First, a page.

10 healthy eating tips for winter

Think eating well is just for summer? Think again! We've gathered tips to help you create healthy habits for the cooler months.

1. Make over your mash

A bowl of mashed potato is the ultimate comfort food on cold nights. We’ve given it a better-for-you twist, made with no butter or cream. To do it, boil 4 large potatoes – you can peel them first, or leave the skin on for added fibre – until tender, then drain and return to the pan. Lightly mash, then add 1/3 cup-1/2 cup buttermilk, depending on how creamy you like it. Season and stir in some chopped chives, then serve with extra chives on top.

Smashed potato

2. Load up on greens

It’s not just an old saying – eating your greens really is good for you! Not only are green vegetables a good source of vitamin C, but cruciferous varieties such as broccoli, cauliflower, kale and brussels sprouts also contain folate. Folate is a B-vitamin which supports immunity plus reduces fatigue, to help boost your body’s natural defences.

Baby broccoli and lemon wedges

3. Portion your plate

While we tend to load up on hearty foods in winter, it’s important to divide your plate into healthy portions for total energy balance. Go for one-quarter protein, one-quarter carbs and the remaining half a mixture of vegetables and fruit. To boost your veg intake, try adding extra vegetables to soups or serving rich stews or sauces with zucchini noodles.

Roasted chicken, peeled zucchini, strawberries and corn

4. Don’t forget vitamin D

Our vitamin D levels can drop a little in winter when we’re spending more time indoors and less time in the sun. While sunlight is one source of vitamin D, oily fish including salmon, as well as eggs, are some of the best food sources of this nutrient*. Enjoy 2-3 serves of oily fish each week, and make eggs a regular on your brekkie menu.

Oily salmon with beans and rocket leaves

5. Try a tray bake 

We love a good roast in winter, so here’s a fuss-free idea: get all of your ingredients on the one tray and let your oven take care of the rest. Use lean chicken thigh fillets, skinless chicken breast fillets or lean meatballs, then add veggies cut into similar-sized pieces. Sprinkle with dried herbs. Bake at 200°C for 30-40 mins or until the protein is cooked through and vegetables are tender. Season with black pepper.

Chicken thigh tray bake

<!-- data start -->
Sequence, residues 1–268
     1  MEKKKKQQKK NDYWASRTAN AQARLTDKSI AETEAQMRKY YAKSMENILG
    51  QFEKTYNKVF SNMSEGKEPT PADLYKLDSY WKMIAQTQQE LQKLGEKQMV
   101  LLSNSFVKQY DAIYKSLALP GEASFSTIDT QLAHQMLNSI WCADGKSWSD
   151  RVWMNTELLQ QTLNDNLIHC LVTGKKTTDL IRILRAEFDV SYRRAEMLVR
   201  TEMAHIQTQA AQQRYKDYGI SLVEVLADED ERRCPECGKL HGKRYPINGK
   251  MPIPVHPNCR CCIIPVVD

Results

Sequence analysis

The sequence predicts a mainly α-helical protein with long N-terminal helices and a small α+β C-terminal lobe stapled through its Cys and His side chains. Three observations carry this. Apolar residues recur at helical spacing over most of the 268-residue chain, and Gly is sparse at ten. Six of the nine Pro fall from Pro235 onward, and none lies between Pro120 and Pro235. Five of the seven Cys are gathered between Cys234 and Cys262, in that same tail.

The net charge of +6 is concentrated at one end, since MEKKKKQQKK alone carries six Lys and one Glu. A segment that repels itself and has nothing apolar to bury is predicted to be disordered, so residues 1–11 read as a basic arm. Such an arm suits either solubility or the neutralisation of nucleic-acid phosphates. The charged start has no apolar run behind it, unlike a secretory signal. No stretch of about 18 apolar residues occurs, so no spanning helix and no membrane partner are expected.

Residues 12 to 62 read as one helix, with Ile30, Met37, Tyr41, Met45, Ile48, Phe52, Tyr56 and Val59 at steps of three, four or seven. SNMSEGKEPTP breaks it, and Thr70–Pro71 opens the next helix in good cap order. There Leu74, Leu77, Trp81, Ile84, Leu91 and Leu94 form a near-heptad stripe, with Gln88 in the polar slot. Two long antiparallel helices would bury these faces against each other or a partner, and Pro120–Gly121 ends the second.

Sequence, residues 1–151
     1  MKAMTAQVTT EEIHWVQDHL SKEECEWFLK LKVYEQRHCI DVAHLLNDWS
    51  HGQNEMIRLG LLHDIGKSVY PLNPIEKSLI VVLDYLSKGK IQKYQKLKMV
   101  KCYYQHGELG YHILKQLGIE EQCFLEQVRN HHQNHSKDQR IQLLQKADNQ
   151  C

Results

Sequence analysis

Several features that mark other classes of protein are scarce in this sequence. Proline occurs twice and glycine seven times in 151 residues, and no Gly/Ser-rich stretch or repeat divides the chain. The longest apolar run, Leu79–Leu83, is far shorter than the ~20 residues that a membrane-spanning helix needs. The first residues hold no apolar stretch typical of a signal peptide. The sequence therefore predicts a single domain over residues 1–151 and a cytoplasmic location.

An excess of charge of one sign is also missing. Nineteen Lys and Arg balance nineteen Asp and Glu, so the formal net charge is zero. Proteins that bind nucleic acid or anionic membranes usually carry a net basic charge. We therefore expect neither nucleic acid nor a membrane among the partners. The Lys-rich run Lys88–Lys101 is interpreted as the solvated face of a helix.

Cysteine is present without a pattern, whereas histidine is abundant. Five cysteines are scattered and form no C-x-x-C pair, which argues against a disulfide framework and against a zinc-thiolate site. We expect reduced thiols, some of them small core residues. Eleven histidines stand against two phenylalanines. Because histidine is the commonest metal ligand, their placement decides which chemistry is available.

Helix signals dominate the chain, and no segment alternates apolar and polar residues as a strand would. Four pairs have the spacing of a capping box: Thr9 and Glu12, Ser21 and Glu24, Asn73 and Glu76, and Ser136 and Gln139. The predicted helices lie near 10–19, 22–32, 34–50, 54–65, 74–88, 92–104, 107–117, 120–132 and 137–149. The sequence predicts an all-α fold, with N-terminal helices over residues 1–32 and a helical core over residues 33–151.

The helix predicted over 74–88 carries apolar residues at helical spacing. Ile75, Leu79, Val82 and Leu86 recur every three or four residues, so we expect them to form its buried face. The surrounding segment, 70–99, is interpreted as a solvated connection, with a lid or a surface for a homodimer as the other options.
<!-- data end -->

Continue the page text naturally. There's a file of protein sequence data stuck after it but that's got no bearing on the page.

6. Eat more soup

A steaming bowl of soup is a warming winter staple and it’s also a great way of increasing your protein and fibre intake. Add lean chicken, legumes, whole grains like barley and any extra greens in your crisper and you have a healthy meal that can also be frozen for later. Remember to use salt-reduced versions of ingredients too, such as stock and canned beans or lentils. For a nourishing soup that’s a source of protein and fibre, as well as containing 3 serves of veggies, check out our recipe for hearty vegetable and lentil soup.

7. Treat yourself

Of course, it’s important to enjoy occasional treats in winter, including dessert! For a light treat, try baking chopped apple, pear and rhubarb at 200°C until tender and the fruit releases its juice. Serve warm with natural yoghurt and sprinkle with toasted flaked almonds.

Baking apple, pear and rhubarb

8. Have a healthy hot drink

It’s tempting to warm up with hot chocolate drinks and creamy chai lattes in winter. While these can make great treats, for a low sugar and saturated fat alternative, brew yourself a cup of mint or green tea. You can add flavour boosters too, such as fresh ginger, lemon or orange slices and aromatic whole spices – think cinnamon and star anise.

Orange hot drink

9. Snack on citrus

There’s an abundance of sweet citrus fruits on offer in winter. They make a delicious and nutritious snack, too. Mandarins are easy to peel and great for lunch boxes or when you’re on the go, while oranges and grapefruit are perfect sliced on a plate and sprinkled with pomegranate seeds for a simple treat.

Citrus on the table

10. Fill up on oats

A warm and hearty breakfast is an excellent start to the day and oats are an ideal winter brekkie: they’re rich in fibre plus low GI, so they release energy slowly to keep you feeling fuller for longer. Whip up a bowl of porridge, then top with tasty additions such as unsalted nuts, fresh berries, sliced apple, reduced-fat milk and unsweetened yoghurt – you’ll thank yourself for it later!

Banana, raspberry with yoghurt and oats

Words Gina Flaxman & Sarah Geelan

*healthdirect.gov.au/foods-high-in-vitamin-d.